Your child’s height increases at about 2" per year. Weight increases at about 5 pounds a years before puberty so appetite may vary quite a bit and seem less than when younger. We like to limit fats, sugars and salt in the diet, to some degree. Most children drink far too much juice and soda, and often drink too much milk. Encourage them to drink low-fat milk, less than a quart a day, and emphasize water for thirst, not other, sweetened drinks. It takes approximately 3,000 calories to put on a pound of fat so an extra 100 calories per day equals 3,000 per month or TWELVE POUNDS A YEAR. The habits that develop in this age will often carry on to adulthood. Encourage good eating habits and exercise. Set a good example. Calcium needs may be met by dairy products in your child’s diet. Use 1%, 1/2% or skim milk. You may want to use a multivitamin. If your well water tests negative for fluoride, we may prescribe it if your child doesn’t get fluoride from other sources.
Development and Behavior
Children outgrow bed-wetting at older ages if there are relatives who were late bedwetters. We can help. Teachers may voice concerns about your child’s behavior, schoolwork or attention. We may be able to help you understand their comments, special tests or counseling. Natural curiosity will lead to questions concerning sex. It’s not necessary to provide any more explanation than the question asks. Be truthful and use simple terms. There are many good books with drawings and simple text to help you if you feel uncomfortable discussing these topics. Puberty changes can occur over a wide range of ages and occur younger in girls than boys. Read to your children often. Encourage them to read. Have books available all the time. Get her or him a library card. Make good use of the rating systems for video games, movies and TV. Discuss them after watching them with your kids. Limit screen time to 2 hours/day or less. Encourage participation in a variety of activities and hobbies. Allow them the opportunity to enjoy the successes and handle the failures to strengthen their self-esteem. Show interest in school work. Establish fair rules for discipline and try to be consistent.
Be a good role model, and wear a seat belt yourself. Remember the AAP recommends a booster seat for all children until 8 years old, 80 pounds AND 4 feet 9 inches tall. Never allow your child to ride in a seat with an airbag. Supervise all outside play and closely observe water play. Drowning is still too common an occurrence for you to be casual about teaching swimming and boating safety.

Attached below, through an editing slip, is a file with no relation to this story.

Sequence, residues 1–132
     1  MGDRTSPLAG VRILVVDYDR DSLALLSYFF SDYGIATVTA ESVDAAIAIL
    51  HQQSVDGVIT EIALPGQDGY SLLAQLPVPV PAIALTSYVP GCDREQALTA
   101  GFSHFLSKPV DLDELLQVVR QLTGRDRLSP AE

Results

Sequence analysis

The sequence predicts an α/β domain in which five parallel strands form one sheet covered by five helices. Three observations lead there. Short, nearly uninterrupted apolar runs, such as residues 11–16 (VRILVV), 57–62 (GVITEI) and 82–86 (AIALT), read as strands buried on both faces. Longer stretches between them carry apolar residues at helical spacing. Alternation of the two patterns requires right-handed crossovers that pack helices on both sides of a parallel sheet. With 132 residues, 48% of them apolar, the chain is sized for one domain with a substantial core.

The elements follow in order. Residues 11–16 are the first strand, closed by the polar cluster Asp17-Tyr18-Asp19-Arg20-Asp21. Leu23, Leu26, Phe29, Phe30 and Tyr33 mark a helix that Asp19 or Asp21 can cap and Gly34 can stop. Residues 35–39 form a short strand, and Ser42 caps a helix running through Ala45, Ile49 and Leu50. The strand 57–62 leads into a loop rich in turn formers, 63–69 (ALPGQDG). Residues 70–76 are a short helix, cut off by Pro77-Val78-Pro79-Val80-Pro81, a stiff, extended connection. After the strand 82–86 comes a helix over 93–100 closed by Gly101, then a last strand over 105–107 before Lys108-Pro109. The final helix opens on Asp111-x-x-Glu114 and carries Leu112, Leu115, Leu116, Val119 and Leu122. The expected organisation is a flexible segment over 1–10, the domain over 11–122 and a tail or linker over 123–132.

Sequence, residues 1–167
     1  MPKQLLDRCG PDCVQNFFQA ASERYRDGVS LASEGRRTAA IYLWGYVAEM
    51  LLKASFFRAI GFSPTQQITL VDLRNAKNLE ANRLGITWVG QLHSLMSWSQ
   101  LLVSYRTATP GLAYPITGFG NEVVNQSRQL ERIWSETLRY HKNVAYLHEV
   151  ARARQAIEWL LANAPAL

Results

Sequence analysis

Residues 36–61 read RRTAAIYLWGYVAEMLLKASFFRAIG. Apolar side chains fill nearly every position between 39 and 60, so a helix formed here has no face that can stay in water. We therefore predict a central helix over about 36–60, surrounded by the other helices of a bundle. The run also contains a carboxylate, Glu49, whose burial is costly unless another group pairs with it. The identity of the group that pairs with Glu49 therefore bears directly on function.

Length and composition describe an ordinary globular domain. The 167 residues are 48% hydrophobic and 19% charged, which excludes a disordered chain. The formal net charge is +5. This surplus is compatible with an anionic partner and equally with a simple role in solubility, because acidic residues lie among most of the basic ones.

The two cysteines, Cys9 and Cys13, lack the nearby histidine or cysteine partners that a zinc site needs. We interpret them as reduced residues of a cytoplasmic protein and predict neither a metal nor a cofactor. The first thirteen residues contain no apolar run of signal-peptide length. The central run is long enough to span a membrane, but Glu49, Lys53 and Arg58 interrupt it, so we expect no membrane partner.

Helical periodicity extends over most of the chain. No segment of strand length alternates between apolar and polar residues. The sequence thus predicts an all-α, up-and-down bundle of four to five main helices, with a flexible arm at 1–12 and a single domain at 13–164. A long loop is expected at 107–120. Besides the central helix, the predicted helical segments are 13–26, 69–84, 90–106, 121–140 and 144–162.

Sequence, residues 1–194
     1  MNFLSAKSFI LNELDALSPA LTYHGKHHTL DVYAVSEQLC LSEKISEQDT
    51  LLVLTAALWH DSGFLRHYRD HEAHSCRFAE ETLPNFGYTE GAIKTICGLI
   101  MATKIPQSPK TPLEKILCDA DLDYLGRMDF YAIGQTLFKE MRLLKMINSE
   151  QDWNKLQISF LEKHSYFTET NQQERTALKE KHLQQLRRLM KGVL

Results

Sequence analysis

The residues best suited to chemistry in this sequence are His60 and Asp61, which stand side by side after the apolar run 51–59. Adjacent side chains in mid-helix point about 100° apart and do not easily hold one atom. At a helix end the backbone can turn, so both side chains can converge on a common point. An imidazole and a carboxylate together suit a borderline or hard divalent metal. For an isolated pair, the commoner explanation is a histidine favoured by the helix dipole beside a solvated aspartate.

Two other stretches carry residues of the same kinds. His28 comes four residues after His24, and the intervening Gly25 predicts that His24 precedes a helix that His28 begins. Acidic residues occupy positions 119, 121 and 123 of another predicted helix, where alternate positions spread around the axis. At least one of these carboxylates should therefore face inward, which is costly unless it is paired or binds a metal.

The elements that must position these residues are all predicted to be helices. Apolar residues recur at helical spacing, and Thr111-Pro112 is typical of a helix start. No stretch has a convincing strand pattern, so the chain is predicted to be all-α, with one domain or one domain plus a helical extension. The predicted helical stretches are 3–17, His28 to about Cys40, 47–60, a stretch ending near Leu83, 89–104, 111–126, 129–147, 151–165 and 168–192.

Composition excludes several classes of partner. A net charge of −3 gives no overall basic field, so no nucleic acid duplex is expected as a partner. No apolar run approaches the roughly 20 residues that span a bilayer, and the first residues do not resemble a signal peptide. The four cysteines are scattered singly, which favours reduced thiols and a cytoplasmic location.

When your children help around the house, restrict access to power tools and lawn mowers. Teach them to wear safety glasses when helping adults using power tools. BB guns and pellet guns are not toys but are often treated as such. They should only be used with adult supervision and with proper eye protection. Your children will spend more time exploring the yard and neighborhood independently. Warn them to stay away from stray pets and wild animals. Rabies is a threat we don’t often think of. Smokeless tobacco is mistakenly thought to be safer than smoking tobacco. That is not true. They both contribute to terrible health problems and should be avoided. Passive smoke IS a danger, so keep your home and car smoke free.
Bike helmets are always a necessity. Wear one yourself when you bike to set a good example. Don’t let your child cross streets without you. When skating/rollerblading, a helmet, wrist guards, knee and elbow pads are all needed. Trampolines should not be backyard toys. Children abuse them by crowding-on, pushing and doing flips--there is a great risk of serious injury including broken bones, paralysis and death. Trampolines should only be used for coached-gymnastics. 4-wheelers and motor bikes should be avoided until driving age, when more mature decision-making may prevent injury and death.
Health Maintenance and Shots
No immunizations or laboratory studies are scheduled if your child is up-to-date. We recommend seeing a dentist for routine checkups. Fluoride supplements are given if you have none in your water supply. We recommend a checkup every year for healthy children. Call the office before that time if you have any questions or concerns.